There are few people who have truly deep expertise in agile transformation, comprehensive understanding of business agility, and an ability to articulate complex concepts effortlessly. After reading Agile IT Organization Design, I conclude that its author Sriram Narayan is one of those people.
Sriram demonstrates everything I aspire to. He has complete understanding of organisations - code, architecture, process, leadership, finance. And he knows how all of the pieces need to fit together in complex systems to form high peforming organisations.
I'll try and summarise how I came to this conclusion by sharing a couple of my favourite highlights from the book.
This will be hard reading for many, even those who consider themselves agile veterans.
Sriram argues that autonomy is the foundation of high performance organisations. Teams must have high autonomy over what they work on, not just how they implement it. But there's a catch.
If teams are all super autonomous, they will all go off in different directions. Sriram terms this runaway autonomy, and it's a genuine concern. So is the answer more management and control? Nope.
The answer is to align teams with business outcomes. If the goal of a team is to improve a business outcome, then it will be oriented toward system level benefits.
Outcome orientation is enabled by forming truly cross-functional teams, carefully analysing business outcomes, and appointing outcome owners.
Along with examples, Sriram goes into detail talking about many of the nuances and challenges of enabling outcome orientation. He also introduces tools like alignment maps.
So why will this be hard reading for many? Well, if you're a function lead - a head of engineering, testing etc. - then in Sriram's model you no longer have direct reports. You have influence but not control. Everyone reports along outcome oriented, not functional, lines.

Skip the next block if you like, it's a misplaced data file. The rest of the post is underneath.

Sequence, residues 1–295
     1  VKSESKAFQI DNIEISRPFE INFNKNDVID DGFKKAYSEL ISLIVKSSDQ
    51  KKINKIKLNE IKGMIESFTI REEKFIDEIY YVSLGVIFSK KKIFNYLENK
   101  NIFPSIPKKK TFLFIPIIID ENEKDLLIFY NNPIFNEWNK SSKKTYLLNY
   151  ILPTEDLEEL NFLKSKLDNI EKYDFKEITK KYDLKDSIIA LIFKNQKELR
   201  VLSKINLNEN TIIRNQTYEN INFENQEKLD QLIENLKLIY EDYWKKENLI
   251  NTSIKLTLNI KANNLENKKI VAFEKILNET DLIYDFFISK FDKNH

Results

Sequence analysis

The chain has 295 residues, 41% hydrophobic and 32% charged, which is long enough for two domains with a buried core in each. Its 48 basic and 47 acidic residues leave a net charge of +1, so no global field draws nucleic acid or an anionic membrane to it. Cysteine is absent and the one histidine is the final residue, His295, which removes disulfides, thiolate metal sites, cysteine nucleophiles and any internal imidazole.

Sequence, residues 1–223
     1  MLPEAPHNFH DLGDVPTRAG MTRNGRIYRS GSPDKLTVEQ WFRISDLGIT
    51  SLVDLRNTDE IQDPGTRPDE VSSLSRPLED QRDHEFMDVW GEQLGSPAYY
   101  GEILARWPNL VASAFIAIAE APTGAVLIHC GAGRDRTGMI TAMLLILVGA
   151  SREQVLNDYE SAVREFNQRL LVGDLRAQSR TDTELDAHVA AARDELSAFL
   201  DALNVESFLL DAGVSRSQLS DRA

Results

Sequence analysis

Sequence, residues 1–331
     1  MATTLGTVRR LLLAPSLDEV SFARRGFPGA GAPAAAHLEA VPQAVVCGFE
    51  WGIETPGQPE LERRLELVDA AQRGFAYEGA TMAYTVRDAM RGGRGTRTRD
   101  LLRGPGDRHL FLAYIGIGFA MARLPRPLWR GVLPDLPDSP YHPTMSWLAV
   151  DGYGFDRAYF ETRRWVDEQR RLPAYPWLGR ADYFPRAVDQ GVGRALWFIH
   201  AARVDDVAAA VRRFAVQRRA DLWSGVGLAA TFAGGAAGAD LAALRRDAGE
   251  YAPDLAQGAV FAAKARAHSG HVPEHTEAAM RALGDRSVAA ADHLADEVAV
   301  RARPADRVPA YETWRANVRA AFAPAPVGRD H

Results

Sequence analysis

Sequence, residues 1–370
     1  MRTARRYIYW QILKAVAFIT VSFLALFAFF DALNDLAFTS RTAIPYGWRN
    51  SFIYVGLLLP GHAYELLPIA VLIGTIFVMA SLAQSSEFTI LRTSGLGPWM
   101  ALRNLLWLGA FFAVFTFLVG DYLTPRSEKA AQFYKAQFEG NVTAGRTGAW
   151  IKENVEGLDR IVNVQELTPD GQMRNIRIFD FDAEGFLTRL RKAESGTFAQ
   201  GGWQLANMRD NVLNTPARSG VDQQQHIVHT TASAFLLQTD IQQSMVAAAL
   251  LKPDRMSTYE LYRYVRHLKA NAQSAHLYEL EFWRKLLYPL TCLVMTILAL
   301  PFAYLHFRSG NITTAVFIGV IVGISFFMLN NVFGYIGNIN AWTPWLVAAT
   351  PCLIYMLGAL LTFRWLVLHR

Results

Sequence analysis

Budgeting is crazy. I've seen people leave companies because they asked for a payrise at the wrong time of year when all the money had gone. I've seen teams with too many developers and not enough product managers because dev and product are different budgets, so developers end up building half baked ideas just so they're busy.
I know contractors who were hired on huge day rates onto projects they weren't needed at. Why on earth would that happen? Because management need to spend all the budget so they can ask for more at the next annual budgeting cycle.
Sriram explains these perverse phenomena are common because modern budgeting has origins in classic hierarchical managment. If you want a truly agile organization and not just a few dev teams churning out code every 2 weeks you need agile budgeting.
So what would that actually look like? According to Sriram, feedback cycles must include budgeting. Your budgeting cycles should be monthly and they should be collaborative. If your organisation acquires feedback but cannot act upon it due to budgeting constraints, finance is the bottleneck.
Equally, CapEx and OpEx are no excuse for organising people around functional silos. Sriram demonstrates how it's possible, with a bit of effort, to approximate the volume of each variety of work in cross functional teams.